What makes a good Service Excellence manager?

I shall be leaving my position as Service Excellence Coordinator shortly after having been in this position for the last 3 ½ years.  I’ve been thinking about what it takes to be good in my position and to make a difference.  Keep in mind that you are an expense, a cost center.  You therefore have to continually prove your worth.

Working for a proudly ISO 9001:2008 certified company, the primary focus of this position is maintenance of the Quality Management System and, hence, maintenance of our ISO certification.

Keep the client in mind

So why bother with this whole ISO thing?  Your end focus is to always keep the client mind.  Whatever you do has to, eventually, be client oriented.  You want to provide the client with not just the product they asked for, but also provide good service at the same time.  They must know that you are listening to them, and have their interests at heart.

Focus Internally

You need to focus at your internal processes.  What you do and how you do it will directly affect the quality of the final product or service delivered to the client.  This is referenced quite a few times in the ISO standard.  If something goes wrong in the company, from recruitment to product creation, your product delivery may suffer.

So how do you go about doing this?  I believe that there are a number of different attributes that a Service Excellence individual requires.

Care about company and staff

By caring about what happens in the company and to the staff you will always try your best to help them do their work.  What they do, matters, and if you can help them then all the better.  Keep reminding staff about creating a quality product.  This does not have to be in their face, a subtle message will do just as well.  It could be a banner on the internal portal that changes regularly or your company values in the footer of your email.


Quality audits are done both internally and externally.  We do about 10 internal quality audits a year on different value chains (e.g. purchasing, recruitment, product realization).  During these we focus on a particular process and compare what is done to what is documented.  Any deficiencies are noted and discussed with top management.  If something makes business sense and could improve the quality of the product, there’s a good chance it will be implemented.

External audits are done by an auditing firm where they check different processes.  We have 2 surveillance audits a year.  Every 3 years we are re-audited totally.  It’s always good speaking to an external auditor as they often provide you with tips on where you can improve.

Continuously think about the company

Thinking about what happens at the company should not stop when you go home after work.  You don’t need to sit and think the whole time, just keep an open mind to ideas.  When going to a store, for instance, have a look at what quality measures they have in place – you might just learn something from them.  Browse differently companies’ websites and social media presences and see what they do.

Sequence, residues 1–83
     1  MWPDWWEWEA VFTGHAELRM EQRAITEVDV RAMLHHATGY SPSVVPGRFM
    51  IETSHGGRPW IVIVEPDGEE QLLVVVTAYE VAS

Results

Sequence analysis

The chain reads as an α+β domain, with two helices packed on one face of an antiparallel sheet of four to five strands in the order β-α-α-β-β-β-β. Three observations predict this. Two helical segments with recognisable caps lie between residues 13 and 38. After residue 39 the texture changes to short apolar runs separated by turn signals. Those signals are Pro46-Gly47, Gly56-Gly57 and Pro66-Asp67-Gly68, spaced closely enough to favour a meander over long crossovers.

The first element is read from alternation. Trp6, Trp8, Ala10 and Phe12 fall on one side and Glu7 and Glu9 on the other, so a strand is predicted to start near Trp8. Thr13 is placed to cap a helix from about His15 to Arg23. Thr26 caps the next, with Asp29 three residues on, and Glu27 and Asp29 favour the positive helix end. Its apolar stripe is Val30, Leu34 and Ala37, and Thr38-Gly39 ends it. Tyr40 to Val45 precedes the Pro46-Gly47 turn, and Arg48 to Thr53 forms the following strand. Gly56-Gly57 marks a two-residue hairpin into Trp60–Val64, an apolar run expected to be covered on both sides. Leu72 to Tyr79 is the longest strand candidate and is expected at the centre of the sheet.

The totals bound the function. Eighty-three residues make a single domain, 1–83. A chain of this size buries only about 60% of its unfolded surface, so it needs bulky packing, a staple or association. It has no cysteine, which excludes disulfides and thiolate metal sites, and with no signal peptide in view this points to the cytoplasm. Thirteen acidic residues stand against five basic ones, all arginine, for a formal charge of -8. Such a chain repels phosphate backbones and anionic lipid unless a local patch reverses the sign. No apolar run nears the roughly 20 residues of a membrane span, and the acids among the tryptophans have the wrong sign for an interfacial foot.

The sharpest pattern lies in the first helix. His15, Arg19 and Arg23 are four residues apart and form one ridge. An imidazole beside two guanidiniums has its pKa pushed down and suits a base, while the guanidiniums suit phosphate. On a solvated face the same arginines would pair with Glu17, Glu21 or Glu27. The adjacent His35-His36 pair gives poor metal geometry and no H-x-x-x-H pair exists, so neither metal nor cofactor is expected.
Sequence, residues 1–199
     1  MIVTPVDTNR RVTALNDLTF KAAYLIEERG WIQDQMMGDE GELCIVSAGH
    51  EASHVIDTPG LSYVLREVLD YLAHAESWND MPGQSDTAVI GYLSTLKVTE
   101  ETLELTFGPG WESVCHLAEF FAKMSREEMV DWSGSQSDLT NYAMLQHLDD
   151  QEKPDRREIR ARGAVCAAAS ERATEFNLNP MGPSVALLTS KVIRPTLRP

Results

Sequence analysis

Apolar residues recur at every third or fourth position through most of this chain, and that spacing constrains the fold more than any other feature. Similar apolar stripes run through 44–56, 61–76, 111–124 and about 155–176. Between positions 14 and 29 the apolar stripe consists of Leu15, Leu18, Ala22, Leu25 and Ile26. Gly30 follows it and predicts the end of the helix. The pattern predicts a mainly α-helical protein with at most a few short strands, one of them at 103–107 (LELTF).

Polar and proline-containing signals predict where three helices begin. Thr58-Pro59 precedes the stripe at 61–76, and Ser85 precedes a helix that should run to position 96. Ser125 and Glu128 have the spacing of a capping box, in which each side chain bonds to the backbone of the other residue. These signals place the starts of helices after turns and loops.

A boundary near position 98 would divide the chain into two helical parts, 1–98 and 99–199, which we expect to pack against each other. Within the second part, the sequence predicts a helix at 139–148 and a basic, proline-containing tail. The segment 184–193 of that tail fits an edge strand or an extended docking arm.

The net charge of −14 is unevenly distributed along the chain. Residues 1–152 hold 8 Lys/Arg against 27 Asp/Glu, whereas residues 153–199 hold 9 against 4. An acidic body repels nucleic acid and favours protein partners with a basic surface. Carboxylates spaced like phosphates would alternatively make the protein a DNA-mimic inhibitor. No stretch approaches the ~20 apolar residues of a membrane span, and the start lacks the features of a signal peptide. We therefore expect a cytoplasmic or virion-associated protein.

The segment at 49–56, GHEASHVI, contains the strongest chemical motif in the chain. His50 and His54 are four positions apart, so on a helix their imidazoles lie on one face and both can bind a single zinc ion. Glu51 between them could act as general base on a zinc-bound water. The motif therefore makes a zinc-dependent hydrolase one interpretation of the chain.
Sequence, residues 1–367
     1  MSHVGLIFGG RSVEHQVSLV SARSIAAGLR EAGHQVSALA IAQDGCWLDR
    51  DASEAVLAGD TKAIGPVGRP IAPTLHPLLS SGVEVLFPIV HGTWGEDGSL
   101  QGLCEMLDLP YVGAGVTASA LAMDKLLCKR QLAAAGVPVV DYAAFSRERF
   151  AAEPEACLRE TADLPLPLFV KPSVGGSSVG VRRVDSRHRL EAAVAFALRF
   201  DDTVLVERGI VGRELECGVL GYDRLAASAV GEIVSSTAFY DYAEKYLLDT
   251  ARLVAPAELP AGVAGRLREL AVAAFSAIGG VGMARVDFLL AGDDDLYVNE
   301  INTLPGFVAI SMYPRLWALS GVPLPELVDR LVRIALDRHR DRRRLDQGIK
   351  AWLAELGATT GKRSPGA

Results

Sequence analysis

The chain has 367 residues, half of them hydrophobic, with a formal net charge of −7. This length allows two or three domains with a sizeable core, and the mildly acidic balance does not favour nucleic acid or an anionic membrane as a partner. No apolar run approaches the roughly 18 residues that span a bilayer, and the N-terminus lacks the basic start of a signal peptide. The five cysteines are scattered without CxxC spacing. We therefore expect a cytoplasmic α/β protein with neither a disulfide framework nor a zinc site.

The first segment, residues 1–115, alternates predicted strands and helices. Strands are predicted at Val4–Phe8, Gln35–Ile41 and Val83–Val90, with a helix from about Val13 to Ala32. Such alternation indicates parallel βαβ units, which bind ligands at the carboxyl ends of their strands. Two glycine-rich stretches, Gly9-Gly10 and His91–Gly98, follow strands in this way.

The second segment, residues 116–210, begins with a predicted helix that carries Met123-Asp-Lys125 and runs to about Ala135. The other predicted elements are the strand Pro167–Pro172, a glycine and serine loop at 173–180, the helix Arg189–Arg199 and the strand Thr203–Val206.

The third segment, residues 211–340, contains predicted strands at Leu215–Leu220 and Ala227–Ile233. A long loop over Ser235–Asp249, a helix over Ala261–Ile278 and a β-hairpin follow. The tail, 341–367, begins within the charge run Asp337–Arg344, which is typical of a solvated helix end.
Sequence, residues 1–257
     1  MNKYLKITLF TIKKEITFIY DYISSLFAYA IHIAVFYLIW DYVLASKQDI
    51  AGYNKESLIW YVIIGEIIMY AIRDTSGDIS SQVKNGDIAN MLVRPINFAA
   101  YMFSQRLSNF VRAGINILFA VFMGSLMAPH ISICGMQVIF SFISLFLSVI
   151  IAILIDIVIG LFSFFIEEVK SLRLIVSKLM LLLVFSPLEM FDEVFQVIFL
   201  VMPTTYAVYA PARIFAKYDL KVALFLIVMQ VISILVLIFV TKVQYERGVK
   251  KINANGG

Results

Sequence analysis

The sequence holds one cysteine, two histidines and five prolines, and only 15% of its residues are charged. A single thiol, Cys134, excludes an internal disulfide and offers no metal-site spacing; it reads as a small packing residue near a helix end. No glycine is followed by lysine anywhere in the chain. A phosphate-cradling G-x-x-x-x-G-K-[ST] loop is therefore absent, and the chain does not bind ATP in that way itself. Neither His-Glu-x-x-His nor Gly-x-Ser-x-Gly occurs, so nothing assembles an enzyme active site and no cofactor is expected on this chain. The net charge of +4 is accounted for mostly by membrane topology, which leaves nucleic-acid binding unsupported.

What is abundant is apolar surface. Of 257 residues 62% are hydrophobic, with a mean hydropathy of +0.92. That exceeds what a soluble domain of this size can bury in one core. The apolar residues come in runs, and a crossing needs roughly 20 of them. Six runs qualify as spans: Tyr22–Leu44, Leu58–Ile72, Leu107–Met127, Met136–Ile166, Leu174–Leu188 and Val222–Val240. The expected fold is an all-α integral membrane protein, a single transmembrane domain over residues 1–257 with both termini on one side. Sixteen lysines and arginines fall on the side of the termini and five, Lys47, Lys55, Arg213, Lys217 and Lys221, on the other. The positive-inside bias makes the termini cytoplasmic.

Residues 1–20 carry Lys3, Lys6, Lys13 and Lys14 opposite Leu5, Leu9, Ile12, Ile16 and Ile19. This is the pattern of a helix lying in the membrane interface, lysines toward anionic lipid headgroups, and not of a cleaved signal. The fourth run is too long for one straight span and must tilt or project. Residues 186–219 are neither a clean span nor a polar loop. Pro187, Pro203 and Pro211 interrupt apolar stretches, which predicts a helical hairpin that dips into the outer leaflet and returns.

Be innovative in your search for Excellence

Every company does things differently and also changes regularly, so you need to continuously change your thinking about quality and your internal processes.  How can YOU influence quality?  What can you do internally to assist staff?

Among the things that we do are the following:

  • Operational and strategic reporting

This is geared towards line managers and company directors.  Line managers need to keep a focus on their teams to know at all times what is happening and which jobs are on each one’s desk.  What have a very nice, custom developed, “what’s on the desk?” operational dashboard that gives an overview of the whole team at a single glance.

Strategic reporting is normally driven by EXCO or the MD, to which I report.  They often have their own idea of how things are to be reported.  But one thing I’ve learnt is that without clearly defined company objectives and KPI’s, a dashboard cannot be created.  Our dashboards tie in with the defined company objectives.

  • Internal communication

Get the people talking.  Communication, communication, communication.  Each person should know where they stand in the company.  There must be no walls between management and non-management staff, in terms of communication.  The ISO standard is quite clear on this and requires regular feedback (termed “internal communication”) to staff.  At work this takes the form of monthly staff feedback sessions, technical sessions (termed Techie Thursday) and an internal blog.

  • Using social media to communicate with clients

We needed a way to let clients know what we have done for them recently and what is happening in the service excellence department.  To this end we have monthly dashboards that are sent to our clients presenting what we did for them in the past (rolling) 3 months.  We also have the, not so, regular newsletter which contains a section entitled “From The Desk of Service Excellence” where I would cover topics such as Service Level Agreements and their related escalations.

Then there’s a twitter account on all things excellence.  Of course, there’s caution to be had when working with social media.  Being part of a listed entity, you have to be very careful of mentioning anything during the restricted period that might influence the share price.

So what do you think?  If you had to hire a Service Excellence individual, what qualities would you look for?


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